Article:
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USS McKee (DD-87)
USS McKee (DD-87)
Career (US)
Namesake: Hugh W. McKee
Builder: Union Iron Works, San Francisco, California
Laid down: 29 October 1917
Launched: 23 March 1918
Commissioned: 7 September 1918
Decommissioned: 16 June 1922
Struck: 7 January 1936
Fate: Sold for scrap, January 1936
General characteristics
Class & type: Wickes class destroyer
Displacement: 1,060 tons
Length: 314 ft 5 in (95.83 m)
Beam: 30 ft 11 in (9.42 m)
Draft: 9 ft 2 in (2.79 m)
Speed: 35 knots (65 km/h)
Complement: 100 officers and enlisted
Armament: 4 x 4" (102 mm), 2 x 1-pdr, 12 x 21" (533 mm) torpedo tubes

USS McKee (DD–87) was a Wickes class destroyer in the United States Navy during World War I. She was the second ship named for Hugh W. McKee.

She was laid down 29 October 1917 by Union Iron Works, San Francisco, California, launched 23 March 1918, sponsored by Mrs. J. Tynan, and commissioned 7 September 1918, Lieutenant Commander W. H. Lee in command.

Service history

Following a west coast shakedown, McKee sailed from Mare Island 13 September 1918, transited the Panama Canal the 27th, and reported for duty with Destroyer Flotilla 5 at New York 2 October. In this late phase of World War I, short coastal sailings preceded her departure from Hampton Roads 28 October as a convoy escort. Upon her arrival in the Azores 5 November she was assigned to a returning convoy and entered New York Harbor 2 December. Early in 1919 she steamed to Guantanamo Bay, Cuba, for fleet exercises from 26 January to 4 April. A number of voyages from Key West, Florida, to Halifax, Nova Scotia, kept her crew well trained prior to her reporting Portsmouth, New Hampshire, 13 December to be placed in reduced commission.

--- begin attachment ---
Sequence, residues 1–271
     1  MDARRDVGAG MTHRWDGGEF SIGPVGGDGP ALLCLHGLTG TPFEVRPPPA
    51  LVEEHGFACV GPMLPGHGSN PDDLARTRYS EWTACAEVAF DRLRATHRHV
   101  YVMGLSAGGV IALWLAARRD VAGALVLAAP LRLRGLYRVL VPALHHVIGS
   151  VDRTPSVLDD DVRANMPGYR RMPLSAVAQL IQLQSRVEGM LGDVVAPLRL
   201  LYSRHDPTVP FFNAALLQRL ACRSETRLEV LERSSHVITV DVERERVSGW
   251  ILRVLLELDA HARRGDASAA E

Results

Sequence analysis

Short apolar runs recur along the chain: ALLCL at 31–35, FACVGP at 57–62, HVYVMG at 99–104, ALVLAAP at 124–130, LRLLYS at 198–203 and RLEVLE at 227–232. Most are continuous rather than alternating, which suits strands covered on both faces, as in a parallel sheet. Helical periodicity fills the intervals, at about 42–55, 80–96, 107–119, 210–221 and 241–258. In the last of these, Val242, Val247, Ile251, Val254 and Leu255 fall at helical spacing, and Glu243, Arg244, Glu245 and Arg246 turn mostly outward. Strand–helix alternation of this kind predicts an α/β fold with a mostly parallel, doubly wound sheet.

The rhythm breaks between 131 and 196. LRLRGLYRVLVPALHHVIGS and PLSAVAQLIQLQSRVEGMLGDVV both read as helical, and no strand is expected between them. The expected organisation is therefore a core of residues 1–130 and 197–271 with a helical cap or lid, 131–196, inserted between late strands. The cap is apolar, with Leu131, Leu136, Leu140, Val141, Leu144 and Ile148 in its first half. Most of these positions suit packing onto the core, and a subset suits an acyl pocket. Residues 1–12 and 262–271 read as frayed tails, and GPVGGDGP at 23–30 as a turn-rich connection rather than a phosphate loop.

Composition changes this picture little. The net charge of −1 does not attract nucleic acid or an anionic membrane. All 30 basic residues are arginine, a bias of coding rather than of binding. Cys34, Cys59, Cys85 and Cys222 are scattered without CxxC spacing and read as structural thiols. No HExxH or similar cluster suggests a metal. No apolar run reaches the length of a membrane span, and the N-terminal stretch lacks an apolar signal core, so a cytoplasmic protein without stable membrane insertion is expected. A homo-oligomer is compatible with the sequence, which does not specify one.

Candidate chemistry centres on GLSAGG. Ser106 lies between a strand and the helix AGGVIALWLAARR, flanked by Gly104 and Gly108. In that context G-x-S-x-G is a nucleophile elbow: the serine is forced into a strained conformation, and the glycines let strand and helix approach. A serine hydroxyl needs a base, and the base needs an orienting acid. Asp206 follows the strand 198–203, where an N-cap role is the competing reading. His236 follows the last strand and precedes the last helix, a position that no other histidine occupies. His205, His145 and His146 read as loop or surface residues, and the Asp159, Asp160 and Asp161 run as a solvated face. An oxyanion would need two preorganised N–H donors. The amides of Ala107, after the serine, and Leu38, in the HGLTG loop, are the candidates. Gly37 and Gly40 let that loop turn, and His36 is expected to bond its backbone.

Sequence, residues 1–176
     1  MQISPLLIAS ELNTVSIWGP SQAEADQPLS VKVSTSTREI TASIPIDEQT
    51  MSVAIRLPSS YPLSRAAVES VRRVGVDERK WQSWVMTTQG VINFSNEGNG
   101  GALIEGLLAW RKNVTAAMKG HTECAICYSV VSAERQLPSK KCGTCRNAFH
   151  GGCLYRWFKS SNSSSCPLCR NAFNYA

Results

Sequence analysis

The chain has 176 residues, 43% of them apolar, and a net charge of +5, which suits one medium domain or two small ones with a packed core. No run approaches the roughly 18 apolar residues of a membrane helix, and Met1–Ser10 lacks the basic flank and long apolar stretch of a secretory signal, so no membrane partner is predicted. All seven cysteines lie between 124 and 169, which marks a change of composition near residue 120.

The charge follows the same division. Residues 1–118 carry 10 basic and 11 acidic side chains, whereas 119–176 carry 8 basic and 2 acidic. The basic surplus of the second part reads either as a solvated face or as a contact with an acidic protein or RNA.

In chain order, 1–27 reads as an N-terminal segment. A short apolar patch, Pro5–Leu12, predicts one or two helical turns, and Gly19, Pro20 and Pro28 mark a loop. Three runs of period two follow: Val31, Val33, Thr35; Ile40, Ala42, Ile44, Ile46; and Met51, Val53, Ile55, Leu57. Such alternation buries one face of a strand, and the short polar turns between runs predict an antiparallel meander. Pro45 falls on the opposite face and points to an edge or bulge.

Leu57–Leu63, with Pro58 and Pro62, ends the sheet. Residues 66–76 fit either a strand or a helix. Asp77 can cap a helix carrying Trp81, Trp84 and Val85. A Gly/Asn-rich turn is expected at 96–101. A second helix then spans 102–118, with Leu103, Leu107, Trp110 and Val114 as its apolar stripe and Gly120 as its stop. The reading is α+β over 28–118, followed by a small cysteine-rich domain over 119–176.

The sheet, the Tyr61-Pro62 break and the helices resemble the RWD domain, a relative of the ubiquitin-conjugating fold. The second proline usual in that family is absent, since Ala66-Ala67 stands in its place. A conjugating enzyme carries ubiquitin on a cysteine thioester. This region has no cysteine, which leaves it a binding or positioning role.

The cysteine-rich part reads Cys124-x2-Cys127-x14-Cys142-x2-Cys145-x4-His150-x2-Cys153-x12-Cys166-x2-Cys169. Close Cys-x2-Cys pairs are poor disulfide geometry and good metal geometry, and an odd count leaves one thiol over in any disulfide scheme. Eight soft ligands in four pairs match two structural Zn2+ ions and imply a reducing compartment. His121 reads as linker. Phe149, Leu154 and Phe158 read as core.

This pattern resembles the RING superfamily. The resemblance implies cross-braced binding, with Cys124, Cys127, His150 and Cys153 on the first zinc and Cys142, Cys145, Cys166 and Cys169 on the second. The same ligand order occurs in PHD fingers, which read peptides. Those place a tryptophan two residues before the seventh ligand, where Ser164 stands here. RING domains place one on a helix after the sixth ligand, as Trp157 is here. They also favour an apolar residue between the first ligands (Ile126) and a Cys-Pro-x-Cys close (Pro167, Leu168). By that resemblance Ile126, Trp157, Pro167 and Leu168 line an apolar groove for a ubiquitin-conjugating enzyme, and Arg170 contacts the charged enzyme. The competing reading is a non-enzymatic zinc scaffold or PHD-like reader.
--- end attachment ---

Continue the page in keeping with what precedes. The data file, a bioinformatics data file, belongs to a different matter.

From July 1921, McKee based first at Newport, Rhode Island, then at Charleston, South Carolina, and in the aftermath of the Washington Disarmament Conference proceeded to Philadelphia in April 1922. Decommissioning 16 June 1922, she was struck from the Navy list 7 January 1936 and sold to Boston Iron & Metal Company, Inc., Baltimore, Maryland, for scrapping.


External links

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